General Motors Co. experienced a robust surge in its stock, with a remarkable 6% increase on Tuesday, fueled by an impressive performance in the fourth quarter that surpassed expectations. The company reported results that outpaced estimates, showcasing a revenue that exceeded consensus by approximately $4 billion, coupled with an optimistic outlook.
In a letter to shareholders, Chief Executive Mary Barra expressed confidence in the resilience of the U.S. economy, job market, and auto sales. She anticipates a robust industry sales figure of around 16 million units, with a continual growth in the electric vehicle (EV) segment. Barra's positive sentiment resonated with investors, contributing to the surge in the company's stock value.
For the fourth quarter, General Motors posted a net income of $2.102 billion, equivalent to $1.59 per share. This marked an improvement from the year-earlier period, where the net income stood at $1.999 billion, or $1.39 per share. Adjusted earnings per share were reported at $1.24, surpassing the FactSet consensus of $1.16.
While there was a slight dip in revenue from $43.108 billion to $42.980 billion, it still outperformed the FactSet consensus of $38.809 billion. This robust financial performance was viewed as a significant turnaround, particularly after facing challenges in the electric vehicle sector in previous quarters.
Wedbush analyst Dan Ives applauded the solid numbers, emphasizing their crucial role in restoring confidence in the company. Given General Motors' substantial transformation towards electric vehicles, this quarter's performance served as a pivotal moment, affirming that profit margins and growth targets remained on track despite past uncertainties.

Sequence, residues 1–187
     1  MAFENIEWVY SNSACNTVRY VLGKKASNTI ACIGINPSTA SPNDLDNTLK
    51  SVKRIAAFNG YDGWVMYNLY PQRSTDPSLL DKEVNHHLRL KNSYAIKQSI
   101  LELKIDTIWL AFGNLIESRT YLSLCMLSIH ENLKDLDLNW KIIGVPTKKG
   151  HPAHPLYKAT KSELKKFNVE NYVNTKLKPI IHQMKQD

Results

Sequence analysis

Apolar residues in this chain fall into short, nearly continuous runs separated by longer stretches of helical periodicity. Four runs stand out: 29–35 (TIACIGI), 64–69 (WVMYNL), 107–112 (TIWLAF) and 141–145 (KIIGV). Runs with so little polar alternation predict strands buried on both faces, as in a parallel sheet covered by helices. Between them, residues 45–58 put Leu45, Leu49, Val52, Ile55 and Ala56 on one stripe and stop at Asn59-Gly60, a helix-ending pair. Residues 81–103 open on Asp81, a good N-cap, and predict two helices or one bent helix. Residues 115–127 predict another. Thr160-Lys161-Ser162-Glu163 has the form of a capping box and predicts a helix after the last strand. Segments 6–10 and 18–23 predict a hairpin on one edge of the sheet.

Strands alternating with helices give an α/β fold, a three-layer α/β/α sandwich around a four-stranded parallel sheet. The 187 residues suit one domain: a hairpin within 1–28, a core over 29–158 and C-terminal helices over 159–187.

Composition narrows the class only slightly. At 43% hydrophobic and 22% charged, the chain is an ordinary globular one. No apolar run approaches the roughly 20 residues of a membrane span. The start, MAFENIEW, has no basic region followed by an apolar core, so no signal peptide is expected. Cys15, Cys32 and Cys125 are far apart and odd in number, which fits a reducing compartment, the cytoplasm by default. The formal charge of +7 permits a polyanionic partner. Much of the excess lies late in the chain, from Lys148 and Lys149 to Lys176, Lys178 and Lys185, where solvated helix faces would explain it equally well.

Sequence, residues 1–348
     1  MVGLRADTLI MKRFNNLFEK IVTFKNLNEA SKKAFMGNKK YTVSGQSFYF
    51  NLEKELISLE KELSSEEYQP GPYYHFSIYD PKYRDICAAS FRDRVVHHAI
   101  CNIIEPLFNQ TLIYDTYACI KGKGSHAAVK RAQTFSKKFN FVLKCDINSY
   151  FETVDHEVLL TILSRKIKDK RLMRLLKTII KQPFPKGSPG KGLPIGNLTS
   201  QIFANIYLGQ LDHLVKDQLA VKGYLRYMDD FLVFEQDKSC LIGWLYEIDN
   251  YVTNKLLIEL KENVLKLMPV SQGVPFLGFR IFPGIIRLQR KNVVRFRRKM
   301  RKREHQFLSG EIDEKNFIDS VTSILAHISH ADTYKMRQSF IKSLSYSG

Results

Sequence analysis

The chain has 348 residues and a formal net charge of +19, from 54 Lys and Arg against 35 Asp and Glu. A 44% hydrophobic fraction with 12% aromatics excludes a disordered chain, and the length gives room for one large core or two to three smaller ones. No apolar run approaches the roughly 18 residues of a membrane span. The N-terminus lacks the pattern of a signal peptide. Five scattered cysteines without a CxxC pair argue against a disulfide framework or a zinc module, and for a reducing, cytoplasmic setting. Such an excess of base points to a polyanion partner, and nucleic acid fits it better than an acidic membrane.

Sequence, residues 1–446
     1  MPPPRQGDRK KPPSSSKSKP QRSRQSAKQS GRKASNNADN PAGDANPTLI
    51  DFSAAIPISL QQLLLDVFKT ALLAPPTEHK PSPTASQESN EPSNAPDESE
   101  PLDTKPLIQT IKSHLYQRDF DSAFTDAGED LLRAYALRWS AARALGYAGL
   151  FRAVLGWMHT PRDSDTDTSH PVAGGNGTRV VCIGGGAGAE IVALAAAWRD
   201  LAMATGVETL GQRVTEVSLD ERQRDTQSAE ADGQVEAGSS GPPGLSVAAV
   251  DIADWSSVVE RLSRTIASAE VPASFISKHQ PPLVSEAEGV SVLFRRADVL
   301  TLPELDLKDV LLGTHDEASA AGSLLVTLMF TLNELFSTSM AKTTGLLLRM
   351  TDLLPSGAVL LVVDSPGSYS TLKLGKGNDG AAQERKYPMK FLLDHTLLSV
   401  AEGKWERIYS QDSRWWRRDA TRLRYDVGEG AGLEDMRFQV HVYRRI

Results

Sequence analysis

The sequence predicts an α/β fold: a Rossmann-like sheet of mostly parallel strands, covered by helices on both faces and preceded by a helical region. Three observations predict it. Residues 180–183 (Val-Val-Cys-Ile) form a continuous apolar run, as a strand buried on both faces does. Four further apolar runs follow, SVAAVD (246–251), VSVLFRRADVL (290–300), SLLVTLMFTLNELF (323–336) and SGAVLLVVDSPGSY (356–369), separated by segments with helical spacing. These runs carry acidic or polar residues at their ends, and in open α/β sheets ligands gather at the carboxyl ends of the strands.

Ives reiterated an outperform rating on the stock, with a target stock price of $40. However, CFRA analyst Garrett Nelson urged caution despite the positive earnings, guidance, and a $10 billion share buyback program. Nelson pointed to uncertainties surrounding General Motors' long-term plans for electric vehicles and its less competitive labor cost position.
Barra outlined the company's commitment to expanding its electric vehicle business, citing plans to relaunch the self-driving Cruise business. Despite recent challenges, including the revocation of Cruise's license in San Francisco, General Motors remains steadfast in its pursuit of innovation and technological advancement.
Barra expressed optimism about the electric vehicle portfolio, expecting the U.S. segment to turn variable profit positive in the second half of the year. She cited factors such as growing interest in their vehicles, lower commodity prices, and overall positive expectations for EV demand and production growth.
While the electric vehicle market has faced some growth challenges, Barra highlighted third-party forecasts predicting an increase in U.S. EV deliveries from 7% in 2023 to at least 10% in 2024. This positive outlook aligns with General Motors' strategic focus on expanding its presence in the electric vehicle segment.
Looking ahead, General Motors anticipates 2024 earnings per share (EPS) in the range of $8.50 to $9.50, surpassing the FactSet estimate of $7.75. The company also expects capital expenditures (capex) to be between $10.5 billion and $11.5 billion, inclusive of investments in battery cell manufacturing joint ventures.
Evercore ISI analysts characterized General Motors' earnings per share guidance as "whopping," emphasizing the company's renewed strength. Despite challenges faced in the recent past, the internal combustion engine (ICE) business is portrayed as operational and thriving.
Over the last 12 months, General Motors' stock has exhibited a 5% gain, while the S&P 500 has seen a more substantial increase of 22.7%. The positive momentum in the stock reflects the market's renewed confidence in General Motors' strategic direction and financial outlook.
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